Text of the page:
- PHY 102: Introductory Physics IIThis course presents an introduction to the fundamental laws of nature, especially optics, electricity/magnetism, nuclear and atomic theory. These are treated quantitatively with an emphasis on problem solving. The laboratory is intended to give students an opportunity to observe physical phenomena and to gain "hands-on" experience with apparatus and instruments.
- PHY 104: General Physics IIThis calculus-based course is primarily geared to students majoring in engineering and physics, but is also well suited to majors in other sciences. The goal of the course is to develop an understanding of the fundamental laws of physics, in particular, electricity and magnetism, with applications to electronics and optics.
- PHY 106: Advanced Physics (Electromagnetism)This course features the classical theory of electricity and magnetism, with emphasis on the unification of these forces through the special theory of relativity. While the subject matter is similar to that of PHY 104, the treatment is more sophisticated. The topics also include DC and AC circuits and the electromagnetic behavior of matter.
- PHY 108: Physics for the Life SciencesPHY108 is designed to introduce physics and its applications to students interested in the life sciences. The course is broadly organized around 4 major concepts: Optics, Radiation & Electromagnetism, Fluids and Oscillators. Specific topics are chosen to be directly relevant to modern life science research and techniques. Classes are carried out in a lab-like setting and include hands-on demos to introduce material. The laboratory experience emphasizes exposure to physical concepts related to the life sciences. Weekly help sessions will be offered throughout the semester.
- PHY 109: Physics Methods and ApplicationsPHY 109 will focus on physics concepts, methodologies, and problem solving techniques, with a selection of topics drawn from the PHY 103 and 104 curriculum. PHY 109 has no lab component. The goal of the course is a mastery of mechanics (PHY 103), together with the related mathematical tools, and a first exposure to concepts from electricity and magnetism (PHY 104). This is the first course in a two-course sequence, concluding with PHY 110 in the summer term.
- PHY 208: Principles of Quantum MechanicsThis is the Physics Department's introductory quantum mechanics course. Its intent is to present the subject in a fashion that will allow both mastery of its conceptual basis and techniques and appreciation of the excitement inherent in looking at the world in a profoundly new way. Topics to be covered include: state functions and the probability interpretation, the Schroedinger equation, uncertainty principle, the eigenvalue problem, angular momentum, perturbation theory, and the hydrogen atom.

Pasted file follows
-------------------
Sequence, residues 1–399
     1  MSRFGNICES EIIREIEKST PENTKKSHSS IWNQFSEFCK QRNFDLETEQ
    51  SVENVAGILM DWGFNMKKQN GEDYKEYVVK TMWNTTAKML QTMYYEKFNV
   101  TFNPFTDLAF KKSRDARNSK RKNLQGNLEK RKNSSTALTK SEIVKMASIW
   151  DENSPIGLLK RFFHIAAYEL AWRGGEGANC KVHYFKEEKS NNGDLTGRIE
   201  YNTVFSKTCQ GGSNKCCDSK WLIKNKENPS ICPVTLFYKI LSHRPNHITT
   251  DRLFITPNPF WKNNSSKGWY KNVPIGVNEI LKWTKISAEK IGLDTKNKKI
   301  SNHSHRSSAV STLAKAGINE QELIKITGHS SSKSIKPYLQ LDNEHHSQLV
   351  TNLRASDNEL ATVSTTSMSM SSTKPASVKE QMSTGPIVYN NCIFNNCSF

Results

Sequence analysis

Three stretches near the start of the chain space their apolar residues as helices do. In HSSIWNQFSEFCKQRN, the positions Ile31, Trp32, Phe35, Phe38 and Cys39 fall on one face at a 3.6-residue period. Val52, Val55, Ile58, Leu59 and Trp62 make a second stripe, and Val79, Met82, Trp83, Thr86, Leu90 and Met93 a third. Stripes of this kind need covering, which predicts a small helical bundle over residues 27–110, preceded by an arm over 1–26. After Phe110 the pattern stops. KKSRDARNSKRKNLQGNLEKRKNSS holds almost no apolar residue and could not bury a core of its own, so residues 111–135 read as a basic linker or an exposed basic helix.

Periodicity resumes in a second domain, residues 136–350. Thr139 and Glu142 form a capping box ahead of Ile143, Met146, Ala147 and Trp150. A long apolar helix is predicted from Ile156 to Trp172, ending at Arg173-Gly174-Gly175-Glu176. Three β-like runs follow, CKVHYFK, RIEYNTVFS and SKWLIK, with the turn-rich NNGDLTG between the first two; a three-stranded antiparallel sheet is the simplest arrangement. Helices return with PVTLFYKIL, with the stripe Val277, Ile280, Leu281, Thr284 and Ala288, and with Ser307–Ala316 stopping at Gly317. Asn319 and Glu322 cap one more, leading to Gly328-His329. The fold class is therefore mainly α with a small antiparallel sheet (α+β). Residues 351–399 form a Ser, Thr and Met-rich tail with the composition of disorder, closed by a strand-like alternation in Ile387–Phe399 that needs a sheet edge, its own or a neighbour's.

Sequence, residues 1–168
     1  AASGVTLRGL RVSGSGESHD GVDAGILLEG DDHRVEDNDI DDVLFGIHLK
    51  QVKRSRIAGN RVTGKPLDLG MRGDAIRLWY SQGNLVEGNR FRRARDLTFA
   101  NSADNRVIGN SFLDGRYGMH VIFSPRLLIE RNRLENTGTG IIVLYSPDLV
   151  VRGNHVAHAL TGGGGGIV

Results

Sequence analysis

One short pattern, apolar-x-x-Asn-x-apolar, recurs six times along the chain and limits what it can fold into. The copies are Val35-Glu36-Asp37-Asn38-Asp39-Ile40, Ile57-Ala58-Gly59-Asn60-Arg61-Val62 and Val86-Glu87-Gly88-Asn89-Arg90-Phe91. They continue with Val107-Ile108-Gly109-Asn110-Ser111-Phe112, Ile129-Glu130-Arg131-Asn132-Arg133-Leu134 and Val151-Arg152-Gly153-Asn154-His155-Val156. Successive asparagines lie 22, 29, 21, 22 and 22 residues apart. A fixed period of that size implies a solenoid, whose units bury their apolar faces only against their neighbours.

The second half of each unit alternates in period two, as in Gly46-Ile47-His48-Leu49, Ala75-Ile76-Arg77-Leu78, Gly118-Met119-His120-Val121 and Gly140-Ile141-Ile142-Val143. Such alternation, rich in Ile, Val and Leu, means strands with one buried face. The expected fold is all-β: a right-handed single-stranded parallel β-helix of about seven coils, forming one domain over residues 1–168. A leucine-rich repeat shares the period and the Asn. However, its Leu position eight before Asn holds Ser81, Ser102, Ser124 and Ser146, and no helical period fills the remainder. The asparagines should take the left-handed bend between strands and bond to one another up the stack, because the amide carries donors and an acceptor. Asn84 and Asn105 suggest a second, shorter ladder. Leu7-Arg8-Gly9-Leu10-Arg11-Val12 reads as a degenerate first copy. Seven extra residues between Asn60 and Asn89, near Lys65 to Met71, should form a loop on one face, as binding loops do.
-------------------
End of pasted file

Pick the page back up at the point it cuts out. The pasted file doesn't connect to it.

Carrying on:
- PHY 210: Experimental Physics SeminarThis seminar introduces fundamental techniques of electronics and instrumentation. The course consists of weekly hands-on labs that introduce the students to the fascinating world of electronics. We begin with learning how to build circuits and probe their behavior and then explore what can be done to create instrumentation and make measurements. No prerequisites.
- PHY 304: Advanced ElectromagnetismElectromagnetic theory based on Maxwell's equations. Electrostatics, including boundary valve problems, dielectrics, and energy considerations leading to the Maxwell stress tensor. Magnetostatics and simple magnetic materials. Electromagnetic waves, retarded potentials and radiation. Familiarity with vector calculus is assumed.
- PHY 312: Experimental PhysicsStudents work in small groups and perform four experiments and an electronics lab. The list of experiments to choose from includes muon decay, beta decay, optical pumping, Mossbauer effect, holography, positron annihilation, electron diffraction, single photon interference, NMR, the Josephson effect, and an observation of galactic hydrogen. Weekly lectures will provide an overview of various experimental techniques and data analysis.